How can the abortion issue be resolved? Many believe that the issue can be resolved if, and only if, we can determine when human life begins. Those opposed to abortion choice typically say that human life begins at conception. Many who favor abortion choice say that we will never know when human life begins. The importance of the when-does human-life-begin issue is not so much argued for as it is taken to be self-evident. Furthermore, belief that this issue is fundamental is taken for granted – at least outside of philosophy – by many of the people who seem to disagree about almost everything else concerning abortion. It has been my experience that – with rare exceptions – even those who insist that the issue of abortion should focus on the interests of pregnant women believe that this focus is warranted because fetuses are either not yet fully alive or not yet fully human. The prevalence of this assumption is illustrated by the structure of this conference. The session titled “The Beginning of Life” contains talks by two individuals who have written extensively about abortion and who disagree about its permissibility. Presumably those who put this conference together simply assumed that the abortion disagreement is a disagreement about when human life begins. This assumption is not unreasonable. It has been taken for granted at the highest levels. Consider, for example, the most famous legal opinions concerning abortion, the majority opinions in Roe v. Wade and Planned Parenthood v. Casey. Justice Harry Blackmun, writing for the majority in Roe, said: We need not resolve the difficult question of when life begins. When those trained in the respective disciplines of medicine, philosophy, and theology are unable to arrive at any consensus, the judiciary, at this point in the development of man’s knowledge, is not in a position to speculate as to the answer. Blackmun went on to defend this view. First, he claimed that according to many religions and philosophies, life does not begin before live birth. According to him, the Stoics held this view, and it is the predominant attitude of the Jewish faith and “a large segment of the Protestant community.
” Blackmun then cited the views of various groups that had, according to him, rejected the view that life begins at conception. Second, Blackmun went on to defend the view that “In areas other than criminal abortion, the law has been reluctant to endorse any theory that life, as we recognize it, begins before live birth or to accord legal rights to the unborn….” He concluded that the court had neither judicial precedent nor philosophical or theological authority for making a decision based on the judgment that life begins before live birth. It is not hard to understand d how this conclusion, when combined with women’s liberty rights or privacy rights, leads to the permissibility of abortion. Blackmun’s view deserves discussion. Suppose it is true that life does not begin before live birth. Given this, what is the appropriate way to think of fetuses? It follows from our supposition that we should not think of fetuses as now actually alive. Since life presumably begins at the time of live birth, these fetuses will become alive at a later date under favorable environmental conditions. This explains, at least in part, why, when thinking of fetuses, Blackmun spoke of the state’s legitimate interest in “protecting the potentiality of human life”7 (my emphasis). This same language turns up often in Planned Parenthood v. Casey. In this opinion the State’s interest in potential life, or the State’s interest in the protection of potential life is repeatedly mentioned. What is the nature and extent of this interest? One would naturally suppose the Court to be claiming that the State has some interest in the protection of a fetus in virtue of its interest in potential life. There is, however, a problem with this supposition. If the State has an interest in fetuses because they are potential lives, then the State should also have an interest in gametes because they are potential lives. We know something about the importance of this latter interest. The State’s interest in the contents of condoms as they are discarded seems to be as minimal as possible.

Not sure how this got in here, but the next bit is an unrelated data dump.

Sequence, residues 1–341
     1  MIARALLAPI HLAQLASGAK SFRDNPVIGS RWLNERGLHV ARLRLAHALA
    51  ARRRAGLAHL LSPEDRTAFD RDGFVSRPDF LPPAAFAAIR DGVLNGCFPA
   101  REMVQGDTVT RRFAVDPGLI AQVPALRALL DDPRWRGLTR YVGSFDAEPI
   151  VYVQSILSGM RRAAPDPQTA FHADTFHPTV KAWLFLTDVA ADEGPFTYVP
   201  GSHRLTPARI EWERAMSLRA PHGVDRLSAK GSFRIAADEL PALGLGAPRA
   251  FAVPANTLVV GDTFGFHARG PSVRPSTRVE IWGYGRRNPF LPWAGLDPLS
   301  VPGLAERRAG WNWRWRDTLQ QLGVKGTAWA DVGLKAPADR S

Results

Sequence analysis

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But if this is so, then the Court’s talk about the State’s interest in the potential life of fetuses seems to belong more to the category of rhetorical fluff than to the category of substantive legal doctrine. Reflection on Blackmun’s view suggests another question. Just what is the nature of this potential life in which the State is supposed to have an interest? Potential life talk seems to result from the denial that there is good reason for believing that fetuses are actually alive, and the acknowledgement that under the appropriate conditions the individuals in the fetal phase of existence would later be actually alive. Neither of these characterizations are of the present nature of fetuses. Certainly it is legitimate to ask what about a fetus, when it is a fetus, makes it potentially alive? If one considers what it is about fetuses that distinguishes them from other things that one would not dream of characterizing as potentially alive, such as rocks, one thinks of features such as metabolism, cell division, growth, and development into something that we might call a mature human being. The trouble with paying much attention to these features is that they seem to be signs of actual life. But the point of the talk about potential life was to deny this. This suggests that the Court’s claim about the State’s interest in potential life is incoherent. Consider two possible objections to the analysis offered above. One might object that I have selected texts from the famous abortion opinions to support it. To some extent, this s true. Sometimes the Court in Casey speaks of the State interest in protecting the life of the unborn.9 Taken literally this must mean the actual life, rather than the potential life. However, there is reason not to take this literally. The State interest in human life is a very significant interest. It explains why the State regards murder as a very serious crime. The Court would have had very great difficulty arriving at its decision if this language about actual life were to be taken as something other than a linguistic slip. The second possible objection is that sometimes when the Court speaks of when life begins; the Court seems, rather, to be thinking of the conditions under which the interests of human fetuses should be respected – what philosophers call fetal moral status. Accordingly, one might object that if one understands the Court this way, the argument that there is a problem with the Court opinion because fetuses are actually biologically alive would have no force. Inferences from biological properties to moral properties are invalid in the absence of additional premises. This objection won’t do either. There is absolutely no doubt, of course, that the Court in both Roe and Casey was concerned with the question of fetal moral status. However, it does not follow from this that the Court was not concerned with the question of when life begins. It seems clear that the issues of whether the fetus has moral status and when life begins were considered to be equivalent by the Court. They simply took for granted what I shall call in this essay “the standard view.” The standard view is the common view that all living human beings have the right to life because they are living human beings (although there may be, of course, special circumstances in which that right may be overridden or waived). If this (obviously partial) analysis of the major Supreme Court abortion opinions is correct, then it is clear that there is a huge problem within those opinions. The Court took for granted the supposition that being human and alive is what gives a human life full moral standing. Given this supposition, a major issue regarding abortion had to be when did that human life – with full moral status – begin? The Court claimed that they could find no reason for deciding that human life began before birth, a claim necessary for them to arrive at the doctrine of abortion choice. Nevertheless, this view has some consequences that seem to be absurd. The Court was induced to talk about an interest in potential life – an interest that seems to be all talk and no substance.